Swastik Kopparty: Fast algorithms for polynomials over all finite fields via the Elliptic Curve Fast Fourier Transform (ECFFT)

Tuesday, October 5, 2021 - 4:00pm to 5:00pm
Email jmtaft@mit.edu for link
Swastik Kopparty, University of Toronto

For smooth finite fields Fq (i.e., when q−1 factors into small primes) the Fast Fourier Transform (FFT) leads to the fastest known algebraic algorithms for many basic polynomial operations, such as multiplication, division, interpolation and multi-point evaluation. However, the same operations over fields with no smooth order root of unity suffer from an asymptotic slowdown. The classical algorithm of Schonhage and Strassen incurred a multiplicative slowdown factor of log log n on top of the smooth case. Recent remarkable results of Harvey, van der Hoeven and Lecerf dramatically reduced this multiplicative overhead to exp(log∗(n)).

We introduce a new approach to fast algorithms for polynomial operations over all large finite fields. The key idea is to replace the group of roots of unity with a set of points L⊂F suitably related to a well-chosen elliptic curve group (the set L itself is not a group). The key advantage of this approach is that elliptic curve groups can be of any size in the Hasse-Weil interval [q+1±2sqrt(q)] and thus can have subgroups of large, smooth order, which an FFT-like divide and conquer algorithm (the ECFFT) can exploit. Compare this with multiplicative subgroups over Fq, whose order must divide q−1.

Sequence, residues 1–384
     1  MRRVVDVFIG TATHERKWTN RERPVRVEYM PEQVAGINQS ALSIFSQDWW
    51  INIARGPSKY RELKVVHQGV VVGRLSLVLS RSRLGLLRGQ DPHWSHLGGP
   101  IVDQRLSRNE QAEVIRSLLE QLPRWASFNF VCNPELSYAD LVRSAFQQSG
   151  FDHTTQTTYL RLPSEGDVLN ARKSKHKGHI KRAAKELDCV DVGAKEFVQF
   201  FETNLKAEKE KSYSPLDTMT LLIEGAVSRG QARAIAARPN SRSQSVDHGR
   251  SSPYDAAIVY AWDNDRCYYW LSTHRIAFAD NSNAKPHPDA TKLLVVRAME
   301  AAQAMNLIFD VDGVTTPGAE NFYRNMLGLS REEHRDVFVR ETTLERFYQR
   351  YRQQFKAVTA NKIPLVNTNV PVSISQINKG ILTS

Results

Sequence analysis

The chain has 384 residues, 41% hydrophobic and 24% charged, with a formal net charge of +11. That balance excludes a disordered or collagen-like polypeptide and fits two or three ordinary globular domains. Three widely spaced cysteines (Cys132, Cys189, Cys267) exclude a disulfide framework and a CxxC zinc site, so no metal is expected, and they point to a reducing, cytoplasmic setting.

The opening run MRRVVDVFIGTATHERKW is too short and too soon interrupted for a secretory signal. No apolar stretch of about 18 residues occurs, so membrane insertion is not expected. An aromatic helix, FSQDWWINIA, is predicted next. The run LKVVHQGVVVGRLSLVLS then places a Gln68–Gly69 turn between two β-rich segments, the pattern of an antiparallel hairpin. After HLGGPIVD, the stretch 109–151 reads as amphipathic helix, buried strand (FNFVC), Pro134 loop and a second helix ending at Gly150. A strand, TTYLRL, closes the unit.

For polynomials represented by their evaluation over subsets of L, we show that multiplication, division, degree-computation, interpolation, evaluation and Reed-Solomon encoding (also known as low-degree extension) with fixed evaluation points can all be computed with arithmetic circuits of size similar to what is achievable with the classical FFTs when the field size is special. For several problems, this yields the asymptotically smallest known arithmetic circuits even in the standard monomial representation of polynomials.

Joint work with Eli Ben-Sasson, Dan Carmon and David Levit.